Pilot Project 1 – Microstructure Informatics
Raymundo Arroyave, Ulisses Braga-Neto, Levi McClenny, Vahid Attari
The goal of this project is to develop a new family of scientific machine learning (SciML) algorithms based on self-adaptive physically-informed neural networks, and to apply them to highly coupled multi-physics thermodynamically consistent phase field models for microstructure evolution [Moelans et al, 2008], in order to deliver a set of efficient and accurate physics-aware forward and inverse models of processing-microstructure relationships in nanostructured composite thermoelectric materials, together with reliable uncertainty quantification metrics to support decision making in the design of these materials. Figure 1 shows that the self-adaptive PINN can solve the Allen-Cahn equation, commonly used in phase field models, with a high degree of accuracy. The self-adaptive PINN is a novel paradigm introduced by our group, where the neural network learns autonomously to focus on the important regions of the solution domain, by means of fully-trainable adaptation weights that force the algorithm to focus on the difficult or stubborn regions of the solution. Figure 2 displays the “attention mask” of self-adaptive weights learned by the neural network in the solution of the previous problem. We can see that the neural network spends more effort early (on the left of the plot). This is in agreement with the fact that the Allen-Cahn is a reaction-diffusion PDE, for which an inaccurate approximation early in the evolution precludes a good solution over the entire time interval.
Pilot Project 2 – Reservoir Simulation
Eduardo Gildin, Ulisses Braga-Neto, Yalchin Efendiev
The objective of this project is to develop novel machine learning architectures for fast and robust reservoir simulation. Machine learning is driving a paradigm shift in several reservoir simulation domains by rapidly expanding the frontiers of research in embedding physics into data driven models and /or extracting physical insights from data. These transformations aim to create fast models with long term predictive capacity, improve the simulator engine, enable models to be more interpretable and generalizable, and help in discovery of unexposed reservoir dynamics [Jin and Durlofsky, 2020]. Fig. 3 depicts a new deep learning architecture design to reduce the computation efforts in reservoir simulation. This project explores new approaches to physics-based and data-driven models and combinations thereof that effectively embeds physical constraints, conservation laws and constitutive relations with data for robust upscaling, sensible time-stepping, accurate proxy models and efficient optimization schemes [Cheung et al, 2020]. Figure 4 depicts the fast solution obtained by a physics-aware ML framework [Coutinho et al 2021]. Here, the solution of the high fidelity simulation (black line) is matched using the approximated solution (green line) Petroleum and natural gas will continue to contribute to global energy demands while several technological advances proposed recently will reduce their impact on the environment aiming at the ambitious zero-net carbon production. Unconventional (e.g., shale) production along with hydraulic fracturing processes require the combination of multi-scale and multi-physics phenomena that are computationally expensive to solve [Florez and Gildin, 2019]. The underlying partial differential equations involve coupling reservoir simulation with geomechanical models and very often some kind of model reduction approach is used to mitigate the computational cost . This project will also address this issue by investigating local-global model reduction strategies in a machine learning (deep learning) context. We will consider tailored loss functions (i.e., mass conservative, flux conservations, conservation of geomechanical features, among others) to develop novel deep learning architectures that can benefit from local multiscale computations.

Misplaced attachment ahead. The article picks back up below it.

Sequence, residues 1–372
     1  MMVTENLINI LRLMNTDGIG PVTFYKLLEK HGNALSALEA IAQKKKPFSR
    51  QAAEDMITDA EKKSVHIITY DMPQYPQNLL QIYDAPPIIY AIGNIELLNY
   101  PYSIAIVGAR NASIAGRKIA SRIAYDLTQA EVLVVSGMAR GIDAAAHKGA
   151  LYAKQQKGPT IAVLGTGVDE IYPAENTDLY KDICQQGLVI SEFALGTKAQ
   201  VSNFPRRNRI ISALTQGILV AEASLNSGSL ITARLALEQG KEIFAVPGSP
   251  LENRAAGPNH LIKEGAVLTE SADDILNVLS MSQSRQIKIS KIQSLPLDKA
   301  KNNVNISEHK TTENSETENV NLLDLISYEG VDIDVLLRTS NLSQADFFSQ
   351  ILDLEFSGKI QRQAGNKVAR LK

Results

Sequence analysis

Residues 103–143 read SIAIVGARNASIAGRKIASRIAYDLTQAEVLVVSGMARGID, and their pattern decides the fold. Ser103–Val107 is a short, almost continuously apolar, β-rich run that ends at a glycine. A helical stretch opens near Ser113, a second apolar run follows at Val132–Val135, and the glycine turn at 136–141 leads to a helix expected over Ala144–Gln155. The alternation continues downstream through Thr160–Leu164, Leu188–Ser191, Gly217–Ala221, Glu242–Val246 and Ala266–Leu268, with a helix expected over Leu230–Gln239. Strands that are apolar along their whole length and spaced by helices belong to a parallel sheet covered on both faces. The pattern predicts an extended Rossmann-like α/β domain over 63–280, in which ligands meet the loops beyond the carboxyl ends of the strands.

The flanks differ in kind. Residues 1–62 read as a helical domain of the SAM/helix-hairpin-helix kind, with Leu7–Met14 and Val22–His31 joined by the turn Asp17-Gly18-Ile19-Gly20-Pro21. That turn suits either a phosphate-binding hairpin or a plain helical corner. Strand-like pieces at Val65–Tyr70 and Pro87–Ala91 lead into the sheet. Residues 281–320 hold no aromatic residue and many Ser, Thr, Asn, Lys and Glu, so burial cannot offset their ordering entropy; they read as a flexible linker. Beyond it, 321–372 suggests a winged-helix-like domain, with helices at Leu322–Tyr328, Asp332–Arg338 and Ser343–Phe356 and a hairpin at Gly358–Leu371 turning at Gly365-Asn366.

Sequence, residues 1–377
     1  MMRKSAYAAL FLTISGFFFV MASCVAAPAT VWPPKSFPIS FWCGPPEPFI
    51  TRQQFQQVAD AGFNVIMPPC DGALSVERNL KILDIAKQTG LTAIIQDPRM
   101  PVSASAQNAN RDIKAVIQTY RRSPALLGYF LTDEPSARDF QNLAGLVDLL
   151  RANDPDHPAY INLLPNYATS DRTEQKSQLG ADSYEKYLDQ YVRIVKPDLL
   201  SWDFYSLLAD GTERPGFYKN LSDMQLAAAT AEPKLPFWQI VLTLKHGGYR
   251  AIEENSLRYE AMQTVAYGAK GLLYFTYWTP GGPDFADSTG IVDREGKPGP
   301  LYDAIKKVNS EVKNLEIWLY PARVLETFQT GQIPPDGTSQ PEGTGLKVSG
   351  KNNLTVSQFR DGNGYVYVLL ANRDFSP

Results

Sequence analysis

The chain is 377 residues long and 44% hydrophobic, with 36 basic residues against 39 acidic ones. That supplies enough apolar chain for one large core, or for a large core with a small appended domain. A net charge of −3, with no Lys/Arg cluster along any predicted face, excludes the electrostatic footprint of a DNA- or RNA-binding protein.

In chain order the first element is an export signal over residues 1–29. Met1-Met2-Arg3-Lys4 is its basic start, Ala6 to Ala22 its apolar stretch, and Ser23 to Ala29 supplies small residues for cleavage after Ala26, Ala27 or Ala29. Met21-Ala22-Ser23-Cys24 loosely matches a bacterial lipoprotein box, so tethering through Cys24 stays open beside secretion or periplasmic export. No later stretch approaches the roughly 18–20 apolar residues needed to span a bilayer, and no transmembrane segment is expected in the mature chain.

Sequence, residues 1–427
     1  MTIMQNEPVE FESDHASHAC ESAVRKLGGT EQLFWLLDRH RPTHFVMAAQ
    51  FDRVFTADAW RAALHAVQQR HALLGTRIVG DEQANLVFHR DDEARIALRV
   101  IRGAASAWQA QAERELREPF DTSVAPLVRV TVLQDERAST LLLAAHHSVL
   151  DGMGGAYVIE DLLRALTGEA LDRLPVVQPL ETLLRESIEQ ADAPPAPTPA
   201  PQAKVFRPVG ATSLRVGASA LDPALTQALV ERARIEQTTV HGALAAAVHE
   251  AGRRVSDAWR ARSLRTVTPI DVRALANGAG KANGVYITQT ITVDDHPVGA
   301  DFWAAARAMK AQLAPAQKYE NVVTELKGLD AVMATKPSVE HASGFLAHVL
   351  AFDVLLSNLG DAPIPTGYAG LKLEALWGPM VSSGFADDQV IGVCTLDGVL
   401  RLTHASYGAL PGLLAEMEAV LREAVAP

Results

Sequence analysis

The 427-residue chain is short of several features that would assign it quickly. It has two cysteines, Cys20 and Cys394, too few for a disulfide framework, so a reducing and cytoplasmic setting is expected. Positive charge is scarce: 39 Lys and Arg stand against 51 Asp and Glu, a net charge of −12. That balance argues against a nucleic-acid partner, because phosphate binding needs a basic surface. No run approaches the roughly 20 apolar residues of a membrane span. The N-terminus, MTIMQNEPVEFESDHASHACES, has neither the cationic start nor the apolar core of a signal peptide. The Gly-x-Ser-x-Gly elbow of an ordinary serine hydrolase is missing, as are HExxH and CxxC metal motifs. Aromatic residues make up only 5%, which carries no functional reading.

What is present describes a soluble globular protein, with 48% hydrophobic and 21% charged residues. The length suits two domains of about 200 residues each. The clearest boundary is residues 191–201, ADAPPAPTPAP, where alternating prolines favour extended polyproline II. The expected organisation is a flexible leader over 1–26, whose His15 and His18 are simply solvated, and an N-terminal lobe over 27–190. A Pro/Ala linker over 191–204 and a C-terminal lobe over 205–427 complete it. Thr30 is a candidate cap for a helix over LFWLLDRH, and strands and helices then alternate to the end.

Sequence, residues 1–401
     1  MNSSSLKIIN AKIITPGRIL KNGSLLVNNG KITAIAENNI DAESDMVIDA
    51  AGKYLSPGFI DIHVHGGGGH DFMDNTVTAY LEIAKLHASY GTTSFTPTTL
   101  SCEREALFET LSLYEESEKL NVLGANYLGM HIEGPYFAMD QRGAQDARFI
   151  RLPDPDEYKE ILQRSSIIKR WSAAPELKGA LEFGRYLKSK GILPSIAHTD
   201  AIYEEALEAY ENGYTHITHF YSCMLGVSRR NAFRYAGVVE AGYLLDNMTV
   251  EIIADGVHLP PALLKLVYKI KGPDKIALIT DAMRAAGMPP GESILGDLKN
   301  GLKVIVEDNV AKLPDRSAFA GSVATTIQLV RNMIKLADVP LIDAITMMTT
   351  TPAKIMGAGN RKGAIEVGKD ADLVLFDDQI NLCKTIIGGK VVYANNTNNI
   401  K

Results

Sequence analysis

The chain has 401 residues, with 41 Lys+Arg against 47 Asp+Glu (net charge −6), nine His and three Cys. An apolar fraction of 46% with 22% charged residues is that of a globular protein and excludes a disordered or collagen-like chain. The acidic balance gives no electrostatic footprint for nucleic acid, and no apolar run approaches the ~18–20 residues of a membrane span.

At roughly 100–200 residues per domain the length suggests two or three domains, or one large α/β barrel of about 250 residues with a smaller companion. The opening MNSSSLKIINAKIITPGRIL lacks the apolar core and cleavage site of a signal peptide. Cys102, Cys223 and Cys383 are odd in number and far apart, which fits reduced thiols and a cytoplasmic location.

Pilot Project 3 – Thermonuclear Supernovae: A Deep Neural Network Approach to the Explosion Physics
Lifan Wang, Jian Tao, Lisa Perez
We study Type Ia supernovae (SN~Ia) because they are magnificent stellar fireworks. They enable studies of stars and galaxies and measurements of precise distances to far away galaxies. With the anticipated launch of the James Webb Space Telescope (JWST), SN~Ia will be observable out to near the epoch of the first stars. JWST may thus allow for the construction of the expansion history of the Universe out to a redshift above 5. As the SN expands and thins out, the interior of the ejecta is progressively revealed. The luminosity at optical maximum has a strong correlation with the shape of optical light curves. Unlike stellar spectroscopy, where atomic lines can usually be resolved through high resolution spectroscopy, spectral lines of SNIa are heavily blended owing to the high expansion velocity of the ejecta. This means the forward problem of going from models directly to observations is very difficult. We propose to address the inverse problem by which the physical conditions of the explosion are derived from the observational data (Fig below). This is only possible now with the tremendous development in machine learning in recent years. The aim of this proposal is threefold. First, we will construct data-driven models of the observational data. Second, we will assemble an Artificial Intelligence Assisted Inversion (AIAI) algorithm for theoretical radiative transfer models to retrieve the initial model parameters based on the model outputs. Thirdly, we will combine observations and the AIAI to explore intrinsic properties of SN~Ia and establish a new link between the two. The proposed studies will lead to a new approach to supernova cosmology that can quantitatively incorporate the latest in observational and theoretical developments.